I've found that an attempt to approach a mind-boggling manifestation of evil such as the Shoah involves a series of steps. For many years, it was an abstract event in my mind, akin to the pilot's vision of the city he has just bombarded. It wasn't until I was in my early forties, settled near the Jewish heart of Paris, that I started to acquire a more complete concrete awareness of the exact nature of Nazi monstrosities. Since then, I've been trying constantly, not to "understand" such unfathomable cases of Man's inhumanity towards his fellow men, but to resolve my conception of these events into a vast but vague philosophical context.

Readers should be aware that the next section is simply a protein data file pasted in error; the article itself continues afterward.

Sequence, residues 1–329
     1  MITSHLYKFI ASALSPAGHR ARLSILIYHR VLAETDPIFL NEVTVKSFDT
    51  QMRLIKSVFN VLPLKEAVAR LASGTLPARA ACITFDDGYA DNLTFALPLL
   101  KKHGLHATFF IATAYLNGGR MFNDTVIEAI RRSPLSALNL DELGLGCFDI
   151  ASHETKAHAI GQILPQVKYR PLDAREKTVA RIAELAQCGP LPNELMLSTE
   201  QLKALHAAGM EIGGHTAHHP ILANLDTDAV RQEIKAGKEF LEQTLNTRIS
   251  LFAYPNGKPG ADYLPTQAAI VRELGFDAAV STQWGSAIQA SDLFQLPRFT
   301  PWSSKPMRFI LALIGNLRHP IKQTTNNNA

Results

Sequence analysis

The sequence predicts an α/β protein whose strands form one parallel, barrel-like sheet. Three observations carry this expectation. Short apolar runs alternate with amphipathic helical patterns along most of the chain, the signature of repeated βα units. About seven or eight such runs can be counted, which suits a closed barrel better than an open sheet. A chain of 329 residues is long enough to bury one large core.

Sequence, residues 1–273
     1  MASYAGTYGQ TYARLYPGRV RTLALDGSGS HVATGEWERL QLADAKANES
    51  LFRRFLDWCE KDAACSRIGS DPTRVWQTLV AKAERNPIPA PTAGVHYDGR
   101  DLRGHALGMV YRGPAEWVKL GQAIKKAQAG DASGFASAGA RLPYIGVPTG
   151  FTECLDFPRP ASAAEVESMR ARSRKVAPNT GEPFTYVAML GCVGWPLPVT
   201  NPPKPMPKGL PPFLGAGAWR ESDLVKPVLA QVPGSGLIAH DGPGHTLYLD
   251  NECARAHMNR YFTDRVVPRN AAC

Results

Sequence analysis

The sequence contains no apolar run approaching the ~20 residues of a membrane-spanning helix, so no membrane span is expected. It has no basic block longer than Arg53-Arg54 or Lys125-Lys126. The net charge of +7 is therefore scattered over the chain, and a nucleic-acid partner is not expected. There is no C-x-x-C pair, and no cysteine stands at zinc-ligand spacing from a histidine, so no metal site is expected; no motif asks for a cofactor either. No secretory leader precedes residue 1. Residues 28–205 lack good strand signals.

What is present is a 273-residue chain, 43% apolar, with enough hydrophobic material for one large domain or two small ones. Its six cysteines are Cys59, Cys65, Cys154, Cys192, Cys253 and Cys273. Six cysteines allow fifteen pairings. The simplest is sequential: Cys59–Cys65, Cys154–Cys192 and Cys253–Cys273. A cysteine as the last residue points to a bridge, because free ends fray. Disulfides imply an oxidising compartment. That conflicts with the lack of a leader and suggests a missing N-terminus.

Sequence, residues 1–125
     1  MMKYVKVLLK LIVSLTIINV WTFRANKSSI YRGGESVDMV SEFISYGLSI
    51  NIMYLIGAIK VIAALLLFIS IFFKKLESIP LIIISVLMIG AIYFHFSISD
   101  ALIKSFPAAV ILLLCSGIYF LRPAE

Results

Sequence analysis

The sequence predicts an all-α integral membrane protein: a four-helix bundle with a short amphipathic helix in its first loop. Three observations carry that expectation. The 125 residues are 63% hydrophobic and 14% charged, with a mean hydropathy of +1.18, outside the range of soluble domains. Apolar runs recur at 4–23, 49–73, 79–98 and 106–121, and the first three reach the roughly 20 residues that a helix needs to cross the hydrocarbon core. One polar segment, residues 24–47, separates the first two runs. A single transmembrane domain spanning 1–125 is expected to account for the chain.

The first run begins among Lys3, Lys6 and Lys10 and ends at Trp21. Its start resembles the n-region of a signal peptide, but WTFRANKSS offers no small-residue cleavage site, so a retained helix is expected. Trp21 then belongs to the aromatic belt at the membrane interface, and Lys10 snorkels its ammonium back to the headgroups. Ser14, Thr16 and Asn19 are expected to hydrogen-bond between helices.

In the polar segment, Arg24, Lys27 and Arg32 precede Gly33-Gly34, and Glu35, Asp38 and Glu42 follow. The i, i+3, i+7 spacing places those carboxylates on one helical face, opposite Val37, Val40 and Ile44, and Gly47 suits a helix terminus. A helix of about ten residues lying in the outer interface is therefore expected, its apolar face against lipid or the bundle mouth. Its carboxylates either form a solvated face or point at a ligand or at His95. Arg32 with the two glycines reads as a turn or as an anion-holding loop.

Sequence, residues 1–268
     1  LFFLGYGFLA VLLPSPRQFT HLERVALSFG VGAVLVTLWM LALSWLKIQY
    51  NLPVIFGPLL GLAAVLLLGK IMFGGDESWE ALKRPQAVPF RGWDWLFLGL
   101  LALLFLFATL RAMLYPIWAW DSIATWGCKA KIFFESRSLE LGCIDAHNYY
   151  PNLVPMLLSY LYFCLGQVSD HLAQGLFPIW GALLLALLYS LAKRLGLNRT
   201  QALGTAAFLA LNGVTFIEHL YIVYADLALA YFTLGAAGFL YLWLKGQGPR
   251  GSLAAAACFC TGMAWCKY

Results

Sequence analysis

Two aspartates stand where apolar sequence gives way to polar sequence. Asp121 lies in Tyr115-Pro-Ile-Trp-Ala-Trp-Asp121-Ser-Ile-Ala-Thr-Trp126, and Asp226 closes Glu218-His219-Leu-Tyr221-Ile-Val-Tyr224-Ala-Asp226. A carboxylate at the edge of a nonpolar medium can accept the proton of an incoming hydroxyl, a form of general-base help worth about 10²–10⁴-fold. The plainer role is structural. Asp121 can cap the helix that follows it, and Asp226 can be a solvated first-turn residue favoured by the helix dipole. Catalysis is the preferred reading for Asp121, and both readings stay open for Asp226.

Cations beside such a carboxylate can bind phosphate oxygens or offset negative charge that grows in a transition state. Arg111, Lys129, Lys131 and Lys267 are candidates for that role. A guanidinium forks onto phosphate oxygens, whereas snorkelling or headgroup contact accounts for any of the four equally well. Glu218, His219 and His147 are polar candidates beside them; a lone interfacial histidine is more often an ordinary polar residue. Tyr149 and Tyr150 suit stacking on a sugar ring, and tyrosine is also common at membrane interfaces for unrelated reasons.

In asking French schoolchildren to adopt, as it were, the memory of young victims of the Shoah, Nicolas Sarkozy is no doubt inspired by fine and profound intentions. But I find that he's asking far too much of young minds, not yet capable of grasping the existence of total evil. It's a risky operation, in that nobody can know beforehand the extent to which a particular child will succeed in assimilating the horror of what happened, and how that child is likely to attempt to resolve his/her revelations. There's a danger, I believe, of traumatizing children. Visions of the Shoah are too heavy a burden for tender eyes. There's time enough, later on in life, for such images of Hell.